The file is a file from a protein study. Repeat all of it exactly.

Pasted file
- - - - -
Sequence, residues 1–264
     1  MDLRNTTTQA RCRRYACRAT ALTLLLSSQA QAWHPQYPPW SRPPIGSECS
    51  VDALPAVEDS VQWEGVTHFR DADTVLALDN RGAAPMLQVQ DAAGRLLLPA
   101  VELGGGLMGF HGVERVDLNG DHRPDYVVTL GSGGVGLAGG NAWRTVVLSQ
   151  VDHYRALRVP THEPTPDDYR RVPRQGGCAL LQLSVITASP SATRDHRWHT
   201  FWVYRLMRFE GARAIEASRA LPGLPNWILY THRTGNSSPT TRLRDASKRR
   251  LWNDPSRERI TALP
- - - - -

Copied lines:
Sequence, residues 1–264
     1  MDLRNTTTQA RCRRYACRAT ALTLLLSSQA QAWHPQYPPW SRPPIGSECS
    51  VDALPAVEDS VQWEGVTHFR DADTVLALDN RGAAPMLQVQ DAAGRLLLPA
   101  VELGGGLMGF HGVERVDLNG DHRPDYVVTL GSGGVGLAGG NAWRTVVLSQ
   151  VDHYRALRVP THEPTPDDYR RVPRQGGCAL LQLSVITASP SATRDHRWHT
   201  FWVYRLMRFE GARAIEASRA LPGLPNWILY THRTGNSSPT TRLRDASKRR
   251  LWNDPSRERI TALP